• This also means businesses and traders must pay more attention to compliance with the increasingly complex consumer regulatory regime.
  • The Government has left open the possibility of expanding the mandatory cooling-off period to other industries to cater for changing market practice. Indeed, some businesses are already thinking ahead and voluntarily offer customers cooling-off periods in their contracts.

In light of the Government’s initiative to improve consumer protection laws, we anticipate there to be tougher legislations against unfair trade practices and consider it important that businesses’ trade practices comply with consumer protection regimes. Meanwhile, here are a few things businesses may consider doing:

  • Review and revise consumer contracts to ensure no unfair/unreasonable terms against consumers.
  • Consider implementing voluntary cooling-off periods for lengthy and high monetary value services contracts.
  • Develop effective customer refund mechanisms.
  • Consider payment /refund /chargeback issues with banks and credit card companies.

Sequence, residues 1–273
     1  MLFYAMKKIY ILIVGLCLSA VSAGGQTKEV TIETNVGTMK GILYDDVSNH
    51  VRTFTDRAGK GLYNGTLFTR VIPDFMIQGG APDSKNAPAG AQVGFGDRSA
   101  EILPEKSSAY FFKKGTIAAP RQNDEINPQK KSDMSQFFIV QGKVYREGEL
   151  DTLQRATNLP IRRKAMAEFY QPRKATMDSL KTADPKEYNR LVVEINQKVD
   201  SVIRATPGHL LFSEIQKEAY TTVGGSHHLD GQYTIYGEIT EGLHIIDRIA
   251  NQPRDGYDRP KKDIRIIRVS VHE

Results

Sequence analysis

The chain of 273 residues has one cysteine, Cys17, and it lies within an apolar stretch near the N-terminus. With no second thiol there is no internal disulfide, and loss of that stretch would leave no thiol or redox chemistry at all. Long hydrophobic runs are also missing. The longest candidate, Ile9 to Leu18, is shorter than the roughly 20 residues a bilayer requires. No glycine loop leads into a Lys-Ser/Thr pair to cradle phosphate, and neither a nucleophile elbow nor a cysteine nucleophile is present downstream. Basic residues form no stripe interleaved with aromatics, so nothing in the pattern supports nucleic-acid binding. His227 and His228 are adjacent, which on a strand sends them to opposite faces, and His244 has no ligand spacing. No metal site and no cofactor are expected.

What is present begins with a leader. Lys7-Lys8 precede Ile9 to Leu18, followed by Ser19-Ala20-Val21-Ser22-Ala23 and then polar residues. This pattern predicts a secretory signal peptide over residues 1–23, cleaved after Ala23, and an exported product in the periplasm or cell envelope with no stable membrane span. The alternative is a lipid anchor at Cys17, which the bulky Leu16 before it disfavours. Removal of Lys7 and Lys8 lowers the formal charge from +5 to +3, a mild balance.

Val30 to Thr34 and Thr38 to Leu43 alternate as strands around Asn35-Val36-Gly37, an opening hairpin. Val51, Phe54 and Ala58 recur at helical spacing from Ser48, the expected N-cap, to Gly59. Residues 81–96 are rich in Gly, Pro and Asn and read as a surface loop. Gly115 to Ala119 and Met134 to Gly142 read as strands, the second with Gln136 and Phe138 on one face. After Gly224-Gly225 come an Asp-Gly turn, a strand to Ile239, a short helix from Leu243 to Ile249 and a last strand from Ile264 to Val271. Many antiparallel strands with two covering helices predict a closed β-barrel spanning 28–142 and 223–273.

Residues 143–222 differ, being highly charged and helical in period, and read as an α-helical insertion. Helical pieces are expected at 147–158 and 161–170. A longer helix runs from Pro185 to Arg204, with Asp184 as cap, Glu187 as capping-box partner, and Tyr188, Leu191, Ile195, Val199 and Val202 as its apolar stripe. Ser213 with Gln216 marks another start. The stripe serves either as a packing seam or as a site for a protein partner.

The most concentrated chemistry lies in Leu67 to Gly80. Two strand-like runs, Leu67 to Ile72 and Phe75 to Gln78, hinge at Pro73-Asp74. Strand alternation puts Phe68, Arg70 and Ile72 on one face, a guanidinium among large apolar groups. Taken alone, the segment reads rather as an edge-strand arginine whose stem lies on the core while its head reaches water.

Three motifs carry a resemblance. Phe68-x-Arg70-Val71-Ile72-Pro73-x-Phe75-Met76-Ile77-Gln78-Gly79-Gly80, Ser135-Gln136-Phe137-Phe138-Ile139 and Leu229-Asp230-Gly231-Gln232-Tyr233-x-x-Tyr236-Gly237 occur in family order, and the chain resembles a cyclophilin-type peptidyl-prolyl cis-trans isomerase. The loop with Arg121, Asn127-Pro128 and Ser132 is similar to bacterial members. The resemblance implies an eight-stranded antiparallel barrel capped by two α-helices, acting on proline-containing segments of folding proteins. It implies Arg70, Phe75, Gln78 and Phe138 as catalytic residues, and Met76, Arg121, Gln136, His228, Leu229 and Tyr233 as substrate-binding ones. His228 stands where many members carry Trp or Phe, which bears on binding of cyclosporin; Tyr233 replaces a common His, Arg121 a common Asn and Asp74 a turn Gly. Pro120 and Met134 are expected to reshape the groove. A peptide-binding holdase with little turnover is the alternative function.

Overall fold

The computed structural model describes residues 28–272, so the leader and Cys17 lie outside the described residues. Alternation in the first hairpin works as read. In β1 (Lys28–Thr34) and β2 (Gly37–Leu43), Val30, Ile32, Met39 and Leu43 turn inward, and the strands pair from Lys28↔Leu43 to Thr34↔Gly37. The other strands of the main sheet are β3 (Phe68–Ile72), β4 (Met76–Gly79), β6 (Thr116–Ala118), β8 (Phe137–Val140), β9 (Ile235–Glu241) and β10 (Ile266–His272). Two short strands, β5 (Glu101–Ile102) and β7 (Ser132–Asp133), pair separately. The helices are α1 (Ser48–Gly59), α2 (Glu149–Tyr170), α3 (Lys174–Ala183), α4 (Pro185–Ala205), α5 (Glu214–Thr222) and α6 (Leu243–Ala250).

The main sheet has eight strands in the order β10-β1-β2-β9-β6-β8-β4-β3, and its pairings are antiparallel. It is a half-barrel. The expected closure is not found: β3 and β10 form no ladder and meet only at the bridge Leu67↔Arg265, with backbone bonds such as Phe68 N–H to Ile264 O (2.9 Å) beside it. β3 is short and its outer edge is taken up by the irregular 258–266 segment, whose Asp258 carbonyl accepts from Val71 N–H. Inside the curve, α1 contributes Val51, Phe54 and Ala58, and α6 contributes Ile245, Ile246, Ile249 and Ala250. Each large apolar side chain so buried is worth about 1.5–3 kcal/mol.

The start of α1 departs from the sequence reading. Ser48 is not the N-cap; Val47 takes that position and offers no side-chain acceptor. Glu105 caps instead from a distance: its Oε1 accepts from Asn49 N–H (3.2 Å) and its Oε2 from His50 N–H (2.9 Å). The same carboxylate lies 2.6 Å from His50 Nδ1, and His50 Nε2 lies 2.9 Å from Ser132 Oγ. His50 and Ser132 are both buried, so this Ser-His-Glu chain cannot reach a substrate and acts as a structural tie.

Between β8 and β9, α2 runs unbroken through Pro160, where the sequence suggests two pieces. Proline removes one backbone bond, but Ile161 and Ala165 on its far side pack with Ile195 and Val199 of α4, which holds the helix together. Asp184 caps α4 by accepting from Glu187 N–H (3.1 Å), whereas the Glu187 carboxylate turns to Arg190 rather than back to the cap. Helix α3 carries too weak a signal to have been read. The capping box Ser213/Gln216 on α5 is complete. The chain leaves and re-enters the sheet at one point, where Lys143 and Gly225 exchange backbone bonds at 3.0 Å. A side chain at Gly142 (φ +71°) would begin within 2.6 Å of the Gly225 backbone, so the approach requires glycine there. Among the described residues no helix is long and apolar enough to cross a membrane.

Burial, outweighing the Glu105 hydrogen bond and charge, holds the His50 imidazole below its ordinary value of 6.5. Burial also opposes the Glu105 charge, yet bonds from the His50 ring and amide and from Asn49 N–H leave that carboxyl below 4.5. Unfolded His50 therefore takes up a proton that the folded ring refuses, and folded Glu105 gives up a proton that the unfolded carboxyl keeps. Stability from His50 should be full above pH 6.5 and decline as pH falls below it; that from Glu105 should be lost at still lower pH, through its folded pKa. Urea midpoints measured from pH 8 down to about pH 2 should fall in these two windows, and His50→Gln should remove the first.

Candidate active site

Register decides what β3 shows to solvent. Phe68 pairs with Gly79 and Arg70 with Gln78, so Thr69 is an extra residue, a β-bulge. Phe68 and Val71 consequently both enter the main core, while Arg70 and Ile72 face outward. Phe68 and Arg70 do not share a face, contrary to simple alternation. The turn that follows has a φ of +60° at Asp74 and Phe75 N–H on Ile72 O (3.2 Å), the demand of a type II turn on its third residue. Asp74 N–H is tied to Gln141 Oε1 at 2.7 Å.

• Provide staff training on consumer rights.
  • Review marketing and sales policies.

Jurisdictions: 

Partner, Intellectual Property, Technology and Media, Hogan Lovells

Eugene’s practice covers the full spectrum of contentious and advisory IP and TMT work. He also advises and speaks extensively on privacy, data protection, consumer protection and advertising – areas which are rapidly-changing. He features regularly in journals and seminars concerning intellectual property, data privacy, domain names and advertising laws. He is recognised as an outstanding practitioner by various publications including Chambers Asia Pacific and Managing Intellectual Property.

Associate, Intellectual Property, Technology and Media, Hogan Lovells

Catharine has extensive and practical experience in both contentious and non-contentious IP matters with a focus on trade marks. She regularly advises on IP protection, litigation and portfolio management regionally and globally. Apart from IP, Catharine also advises on issues concerning advertising and trade descriptions, data protection and privacy laws.